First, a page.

Looking out my living room window in Providence, RI I see a changing neighborhood. I wonder who the various people were that inhabited my apartment over the past 100 years, and what the buildings looked like that once stood in the parking lots that now surround my building. Cities are rich with layered histories, but accessing these histories can be challenging. Everyday more location-based storytelling tools enter the market attempting to solve this problem from a number of different approaches, and several have developed into promising platforms for urban exploration. However, I am still looking for the mobile tool that satisfies all of my city storytelling needs.
Starting closest to home, Brown University’s Brown FACADES is an app that provides an interactive tour of the university’s architecture. Produced by professor Dietrich Neumann with the help of his undergraduate students, the app provides a comprehensive guide to campus architecture including buildings old, new and even some that no longer exist. FACADES might be the best geo-locative storytelling app I’ve seen when it comes to usability. It has filters that allow you to search its buildings by architect, function, year and distance. I especially like that you can build and map your own itinerary of campus architecture through the app’s “bookmark” function. The app is intuitively designed and easy to use. It’s no surprise that Princeton Architectural Press is adopting the FACADES platform for their campus guide app series, and has asked Neumann to be editor.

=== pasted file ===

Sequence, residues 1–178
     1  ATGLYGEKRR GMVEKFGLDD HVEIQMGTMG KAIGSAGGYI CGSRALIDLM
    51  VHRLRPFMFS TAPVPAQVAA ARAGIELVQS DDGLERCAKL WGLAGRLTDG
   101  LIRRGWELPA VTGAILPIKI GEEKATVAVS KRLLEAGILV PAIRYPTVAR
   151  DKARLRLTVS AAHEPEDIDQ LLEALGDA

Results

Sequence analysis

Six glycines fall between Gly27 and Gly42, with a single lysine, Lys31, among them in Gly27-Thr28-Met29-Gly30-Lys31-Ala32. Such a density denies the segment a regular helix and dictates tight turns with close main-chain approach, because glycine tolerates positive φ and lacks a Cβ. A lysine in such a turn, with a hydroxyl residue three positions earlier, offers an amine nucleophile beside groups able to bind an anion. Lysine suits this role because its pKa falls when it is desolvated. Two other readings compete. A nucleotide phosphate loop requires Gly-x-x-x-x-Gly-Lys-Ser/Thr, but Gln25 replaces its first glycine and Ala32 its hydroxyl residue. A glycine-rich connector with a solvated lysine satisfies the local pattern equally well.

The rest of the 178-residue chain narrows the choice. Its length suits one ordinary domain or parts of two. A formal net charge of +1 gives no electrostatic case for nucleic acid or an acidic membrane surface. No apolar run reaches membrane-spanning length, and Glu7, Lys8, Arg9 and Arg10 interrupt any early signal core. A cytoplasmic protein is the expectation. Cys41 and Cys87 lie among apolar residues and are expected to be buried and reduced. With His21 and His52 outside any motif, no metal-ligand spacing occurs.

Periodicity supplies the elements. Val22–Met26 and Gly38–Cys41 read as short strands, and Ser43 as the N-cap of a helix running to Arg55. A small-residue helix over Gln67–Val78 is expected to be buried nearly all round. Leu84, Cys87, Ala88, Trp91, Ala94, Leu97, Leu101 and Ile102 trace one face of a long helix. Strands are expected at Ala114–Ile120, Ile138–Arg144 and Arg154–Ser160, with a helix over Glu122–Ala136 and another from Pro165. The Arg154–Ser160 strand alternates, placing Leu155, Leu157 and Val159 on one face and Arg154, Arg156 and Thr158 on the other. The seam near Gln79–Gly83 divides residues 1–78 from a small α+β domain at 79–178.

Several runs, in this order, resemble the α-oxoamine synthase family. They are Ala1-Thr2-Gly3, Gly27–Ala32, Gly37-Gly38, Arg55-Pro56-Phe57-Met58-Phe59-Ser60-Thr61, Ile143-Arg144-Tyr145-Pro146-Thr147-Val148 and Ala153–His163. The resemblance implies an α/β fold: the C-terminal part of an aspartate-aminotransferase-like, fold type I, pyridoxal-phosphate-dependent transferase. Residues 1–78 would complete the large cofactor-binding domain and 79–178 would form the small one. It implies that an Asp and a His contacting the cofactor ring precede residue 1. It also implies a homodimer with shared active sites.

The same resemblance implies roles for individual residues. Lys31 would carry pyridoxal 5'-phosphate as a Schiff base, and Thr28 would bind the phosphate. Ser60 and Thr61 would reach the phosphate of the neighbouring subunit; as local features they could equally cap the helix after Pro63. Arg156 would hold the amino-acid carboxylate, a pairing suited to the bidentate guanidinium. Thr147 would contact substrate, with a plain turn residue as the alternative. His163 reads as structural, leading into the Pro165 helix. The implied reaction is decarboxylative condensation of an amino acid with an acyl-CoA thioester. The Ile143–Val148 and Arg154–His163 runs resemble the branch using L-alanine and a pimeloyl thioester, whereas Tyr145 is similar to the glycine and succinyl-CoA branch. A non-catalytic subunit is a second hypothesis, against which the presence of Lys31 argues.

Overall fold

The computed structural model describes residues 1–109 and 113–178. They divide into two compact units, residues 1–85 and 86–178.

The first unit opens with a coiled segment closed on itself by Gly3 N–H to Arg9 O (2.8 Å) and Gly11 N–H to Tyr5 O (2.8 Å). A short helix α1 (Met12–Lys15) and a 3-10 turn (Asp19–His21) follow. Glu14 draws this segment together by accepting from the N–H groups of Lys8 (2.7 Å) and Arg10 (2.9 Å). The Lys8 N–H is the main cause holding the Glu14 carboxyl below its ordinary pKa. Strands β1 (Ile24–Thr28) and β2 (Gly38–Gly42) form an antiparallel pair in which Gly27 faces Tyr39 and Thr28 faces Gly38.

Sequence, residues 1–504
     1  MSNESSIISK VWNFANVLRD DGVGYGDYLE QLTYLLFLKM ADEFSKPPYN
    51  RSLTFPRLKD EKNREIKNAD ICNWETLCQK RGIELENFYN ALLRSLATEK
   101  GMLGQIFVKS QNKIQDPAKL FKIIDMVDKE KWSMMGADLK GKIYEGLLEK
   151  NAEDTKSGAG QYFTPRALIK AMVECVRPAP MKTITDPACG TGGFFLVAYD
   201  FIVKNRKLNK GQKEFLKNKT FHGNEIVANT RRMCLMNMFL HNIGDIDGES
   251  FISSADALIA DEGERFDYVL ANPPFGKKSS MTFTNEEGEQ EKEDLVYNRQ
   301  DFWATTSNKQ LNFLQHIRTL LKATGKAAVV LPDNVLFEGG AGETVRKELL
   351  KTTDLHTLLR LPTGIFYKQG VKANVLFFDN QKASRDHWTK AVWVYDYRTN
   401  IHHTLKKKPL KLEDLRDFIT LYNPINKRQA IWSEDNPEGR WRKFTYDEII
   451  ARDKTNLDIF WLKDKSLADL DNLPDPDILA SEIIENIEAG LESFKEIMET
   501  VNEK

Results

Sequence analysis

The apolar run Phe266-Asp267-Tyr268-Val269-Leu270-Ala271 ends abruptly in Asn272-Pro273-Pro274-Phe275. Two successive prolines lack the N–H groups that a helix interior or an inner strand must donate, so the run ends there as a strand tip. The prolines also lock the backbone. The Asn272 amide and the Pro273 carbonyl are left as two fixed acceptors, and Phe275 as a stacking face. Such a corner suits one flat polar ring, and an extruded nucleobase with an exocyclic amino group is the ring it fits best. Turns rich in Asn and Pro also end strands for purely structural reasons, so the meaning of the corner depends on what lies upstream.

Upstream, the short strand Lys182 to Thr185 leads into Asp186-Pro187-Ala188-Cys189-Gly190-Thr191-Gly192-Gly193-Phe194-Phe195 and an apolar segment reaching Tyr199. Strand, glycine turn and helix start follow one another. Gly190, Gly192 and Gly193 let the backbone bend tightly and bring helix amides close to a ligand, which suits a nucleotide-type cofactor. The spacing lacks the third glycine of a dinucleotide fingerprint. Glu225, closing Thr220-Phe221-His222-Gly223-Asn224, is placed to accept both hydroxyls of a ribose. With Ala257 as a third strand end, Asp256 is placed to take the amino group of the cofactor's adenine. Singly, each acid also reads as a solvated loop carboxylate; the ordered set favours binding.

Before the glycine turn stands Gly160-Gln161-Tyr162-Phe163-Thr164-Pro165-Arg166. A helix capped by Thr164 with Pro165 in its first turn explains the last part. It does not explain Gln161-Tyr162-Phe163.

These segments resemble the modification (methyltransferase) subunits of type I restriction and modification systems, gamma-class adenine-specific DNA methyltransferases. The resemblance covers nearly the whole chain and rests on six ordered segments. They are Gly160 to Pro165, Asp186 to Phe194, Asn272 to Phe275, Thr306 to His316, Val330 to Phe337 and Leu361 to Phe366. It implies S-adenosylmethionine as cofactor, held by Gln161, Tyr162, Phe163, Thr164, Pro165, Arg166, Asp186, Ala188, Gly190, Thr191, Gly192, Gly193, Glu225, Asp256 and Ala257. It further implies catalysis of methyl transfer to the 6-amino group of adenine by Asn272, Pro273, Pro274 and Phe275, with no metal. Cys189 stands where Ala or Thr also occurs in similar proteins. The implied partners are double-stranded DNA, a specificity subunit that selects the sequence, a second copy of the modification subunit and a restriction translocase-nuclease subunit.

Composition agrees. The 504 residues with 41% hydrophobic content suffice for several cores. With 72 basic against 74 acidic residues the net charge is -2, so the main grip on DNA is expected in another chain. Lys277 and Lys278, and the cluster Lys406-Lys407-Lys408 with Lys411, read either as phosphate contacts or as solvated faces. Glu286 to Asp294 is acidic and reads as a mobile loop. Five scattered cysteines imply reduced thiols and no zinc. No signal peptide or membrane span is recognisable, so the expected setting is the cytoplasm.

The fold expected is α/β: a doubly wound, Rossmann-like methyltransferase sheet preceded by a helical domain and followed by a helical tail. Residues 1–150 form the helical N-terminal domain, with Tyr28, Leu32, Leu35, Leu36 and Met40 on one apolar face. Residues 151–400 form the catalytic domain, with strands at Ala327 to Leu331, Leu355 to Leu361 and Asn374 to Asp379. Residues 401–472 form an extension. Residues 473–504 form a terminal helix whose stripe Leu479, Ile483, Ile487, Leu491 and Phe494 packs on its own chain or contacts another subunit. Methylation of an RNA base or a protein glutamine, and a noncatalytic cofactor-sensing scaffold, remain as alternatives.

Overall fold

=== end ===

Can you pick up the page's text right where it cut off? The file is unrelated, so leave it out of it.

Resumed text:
The problem with FACADES is that few people know that it exists. It’s rich with quality content that you can only access if you’re one of the lucky people who found out about and downloaded the app. This problem would be helped to a large degree if it were a mobile-enabled platform. If mobile-enabled, you’d stumble upon its content by searching online for any of its 132 buildings; an impossibility as an app. What FACADES also needs are physical cues alerting passersby that stories about the buildings surrounding them are only a click away. Because, when you most want to learn about a building is when you’re standing right in front (or inside) of it. At the very least, the university should add “FACADES” stickers to the signs outside of every brown-owned building as a public service.
Walking through a city, I’m unknowingly walking past so many stories. And sometimes the best stories are those that come to me when I least expect it. This is the concept of Field Trip, an app developed by Google’s Niantic Labs. Field Trip runs in the background of your phone, and when you approach something interesting (according to filters you’ve already selected) it sends you a notification that directs you to its app. Field Trip is a guide to the “cool, hidden, and unique things in the world” around us. Unfortunately, it rarely works as it’s supposed to. If you don’t actively use it all the time, the app essentially goes to sleep and you never hear from it again.